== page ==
The lengthy legal battle between Apple and Epic Games is wrapping up, and Epic might be stuck with a massive $73 million in fees. The original dispute began with Epic Games wanting to accept third-party payments outside Apple’s App Store. This was designed to get around Apple’s 30% fee for purchases made through the App Store. But as the legal challenges continued, it became a referendum on whether Apple had a level of control over the App Store violated antitrust laws.
Apple, for the most part, emerged victorious amidst the slew of legal claims. Epic did succeed in one area, as the courts ruled Apple’s anti-steering efforts had to stop. But even that victory was a small one, because Apple will still take a 27% cut from purchases made with third-party payments in iOS apps. The losses could turn out to be extremely harmful to Epic, as Apple is asking for the company to pay more than $73 million in legal fees.
Why Epic might have to pay Apple $73 million in fees
The request was first spotted by @gamesfray on X, who posted Apple’s motion to the court. The document says that per the indemnification provision of the Apple Developer Program License Agreement, Epic must pay $73,404,326. It also leaves open the door for “additional amounts Apple is incurring during this ongoing litigation.”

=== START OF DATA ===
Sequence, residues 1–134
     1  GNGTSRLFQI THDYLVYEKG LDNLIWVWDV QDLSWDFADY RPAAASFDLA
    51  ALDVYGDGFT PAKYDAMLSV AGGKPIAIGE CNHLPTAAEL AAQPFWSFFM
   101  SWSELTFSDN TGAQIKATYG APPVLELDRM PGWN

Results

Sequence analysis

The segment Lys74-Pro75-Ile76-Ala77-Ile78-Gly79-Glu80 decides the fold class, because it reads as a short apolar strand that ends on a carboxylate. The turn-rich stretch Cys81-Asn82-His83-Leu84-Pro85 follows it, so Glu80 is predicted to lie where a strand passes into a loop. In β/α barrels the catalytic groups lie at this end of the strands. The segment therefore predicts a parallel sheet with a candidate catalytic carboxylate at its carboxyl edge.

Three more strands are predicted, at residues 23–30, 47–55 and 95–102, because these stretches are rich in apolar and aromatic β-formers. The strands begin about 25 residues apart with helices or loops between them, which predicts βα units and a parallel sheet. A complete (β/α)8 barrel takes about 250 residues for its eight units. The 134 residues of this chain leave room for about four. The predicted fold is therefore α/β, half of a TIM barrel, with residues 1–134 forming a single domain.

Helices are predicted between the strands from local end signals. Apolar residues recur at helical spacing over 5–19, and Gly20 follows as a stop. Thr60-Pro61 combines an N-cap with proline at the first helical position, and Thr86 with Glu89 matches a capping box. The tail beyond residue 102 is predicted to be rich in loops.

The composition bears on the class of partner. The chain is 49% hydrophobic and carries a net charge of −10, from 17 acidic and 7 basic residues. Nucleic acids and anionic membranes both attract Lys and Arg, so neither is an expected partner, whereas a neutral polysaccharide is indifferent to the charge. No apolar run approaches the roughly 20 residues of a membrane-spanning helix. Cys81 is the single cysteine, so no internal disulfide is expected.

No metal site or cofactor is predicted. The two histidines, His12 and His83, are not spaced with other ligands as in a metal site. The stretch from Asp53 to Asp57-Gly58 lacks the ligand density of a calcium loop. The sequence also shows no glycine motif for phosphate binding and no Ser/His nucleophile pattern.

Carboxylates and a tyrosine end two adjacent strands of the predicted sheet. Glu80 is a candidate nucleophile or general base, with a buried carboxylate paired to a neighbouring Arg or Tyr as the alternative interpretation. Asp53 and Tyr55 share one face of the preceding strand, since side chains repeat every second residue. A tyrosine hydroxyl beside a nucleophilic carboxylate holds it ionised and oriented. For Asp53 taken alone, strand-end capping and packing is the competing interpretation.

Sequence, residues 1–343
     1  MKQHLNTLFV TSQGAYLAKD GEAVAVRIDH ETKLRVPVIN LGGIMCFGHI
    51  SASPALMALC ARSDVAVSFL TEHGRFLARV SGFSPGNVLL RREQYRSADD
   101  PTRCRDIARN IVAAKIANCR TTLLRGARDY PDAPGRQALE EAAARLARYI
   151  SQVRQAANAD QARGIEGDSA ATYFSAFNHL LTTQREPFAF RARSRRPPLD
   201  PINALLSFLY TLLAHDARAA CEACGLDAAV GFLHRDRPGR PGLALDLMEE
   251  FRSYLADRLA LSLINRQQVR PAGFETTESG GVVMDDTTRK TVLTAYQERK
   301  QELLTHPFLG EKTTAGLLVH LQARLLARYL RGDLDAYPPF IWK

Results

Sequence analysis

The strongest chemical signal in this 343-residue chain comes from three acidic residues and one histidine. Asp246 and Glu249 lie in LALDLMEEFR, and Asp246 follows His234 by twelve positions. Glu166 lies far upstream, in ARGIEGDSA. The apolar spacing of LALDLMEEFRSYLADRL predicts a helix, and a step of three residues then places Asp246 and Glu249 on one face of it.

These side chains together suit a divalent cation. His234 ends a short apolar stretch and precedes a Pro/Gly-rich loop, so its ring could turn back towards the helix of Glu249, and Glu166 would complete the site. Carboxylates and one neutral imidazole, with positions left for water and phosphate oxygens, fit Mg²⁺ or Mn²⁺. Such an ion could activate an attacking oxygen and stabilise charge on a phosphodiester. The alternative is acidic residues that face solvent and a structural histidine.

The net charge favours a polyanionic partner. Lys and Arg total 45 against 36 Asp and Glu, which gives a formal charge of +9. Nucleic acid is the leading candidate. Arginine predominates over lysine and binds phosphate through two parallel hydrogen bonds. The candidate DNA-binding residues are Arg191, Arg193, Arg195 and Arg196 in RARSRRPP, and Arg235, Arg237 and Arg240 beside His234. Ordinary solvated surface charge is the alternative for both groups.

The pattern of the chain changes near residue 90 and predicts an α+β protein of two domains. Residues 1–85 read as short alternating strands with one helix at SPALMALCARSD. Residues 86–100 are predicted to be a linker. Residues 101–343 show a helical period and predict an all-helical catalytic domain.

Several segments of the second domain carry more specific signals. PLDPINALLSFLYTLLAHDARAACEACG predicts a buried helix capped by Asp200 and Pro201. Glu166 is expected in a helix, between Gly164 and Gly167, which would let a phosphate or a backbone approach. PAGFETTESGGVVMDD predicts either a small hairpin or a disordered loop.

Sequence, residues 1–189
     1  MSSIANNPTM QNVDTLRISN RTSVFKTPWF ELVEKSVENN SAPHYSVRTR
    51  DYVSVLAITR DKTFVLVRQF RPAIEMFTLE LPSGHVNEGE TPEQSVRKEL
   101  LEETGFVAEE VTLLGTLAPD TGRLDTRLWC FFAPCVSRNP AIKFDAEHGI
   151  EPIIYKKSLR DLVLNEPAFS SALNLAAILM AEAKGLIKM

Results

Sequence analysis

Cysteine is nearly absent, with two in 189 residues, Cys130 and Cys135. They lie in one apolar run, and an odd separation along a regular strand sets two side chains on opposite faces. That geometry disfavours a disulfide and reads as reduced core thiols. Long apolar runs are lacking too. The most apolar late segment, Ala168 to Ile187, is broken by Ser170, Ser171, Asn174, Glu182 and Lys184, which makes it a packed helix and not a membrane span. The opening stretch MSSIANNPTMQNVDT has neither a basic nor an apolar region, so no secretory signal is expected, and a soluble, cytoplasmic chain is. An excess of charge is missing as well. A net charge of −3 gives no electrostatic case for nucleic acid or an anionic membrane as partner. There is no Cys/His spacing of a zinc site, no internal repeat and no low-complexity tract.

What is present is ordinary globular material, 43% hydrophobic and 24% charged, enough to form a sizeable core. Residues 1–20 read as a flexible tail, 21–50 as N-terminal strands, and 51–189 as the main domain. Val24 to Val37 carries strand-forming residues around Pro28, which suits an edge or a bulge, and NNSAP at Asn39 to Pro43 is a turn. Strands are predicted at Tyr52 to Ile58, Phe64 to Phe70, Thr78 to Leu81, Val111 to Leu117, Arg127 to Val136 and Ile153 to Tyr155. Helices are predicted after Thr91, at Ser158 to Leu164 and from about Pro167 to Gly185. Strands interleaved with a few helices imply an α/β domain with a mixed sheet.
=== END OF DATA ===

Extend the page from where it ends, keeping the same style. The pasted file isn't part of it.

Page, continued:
The indemnification clause of the license agreement says that “[developers] agree to indemnify and hold harmless, and upon Apple’s request, defend, Apple … including without limitation, attorneys’ fees and court costs (collectively, “Losses”), incurred by an Apple Indemnified Party and arising from or related to any of the following.” The agreement goes on to say that “the following” refers to a breach of the agreement, the End User License Agreement, and misuse of Apple software or services, among others.
Epic Games has at least broken a few provisions of this agreement by accepting third-party payments in Fortnite before it was permitted.
What Apple’s request for $73 million in fees means for Epic
First, it’s important to note that Apple could have asked for more. Apple said it used $82,971,401 on the case initially. Then, it lowered that number to a slightly-lower $81,560,362. Because the company lost one of nine counts, Epic got a 10% discount. That’s how Apple landed at the $73,404,326 figure for total charges.
“Early into the litigation, Epic accepted that if it loses on its antitrust claims (as it did), it owes damages,” said Gamesfray in the X thread. Even if this is true, it will have a maximum effect on the company. Apple is bigger than Epic Games, and has more money to spend on legal battles. But it’s important to remember that Epic has legal bills of its own. So, as is the case in many of these claims, Epic could be paying both.
The court will still have to approve this request. But, based on the information we have, it seems fairly cut-and-dry.
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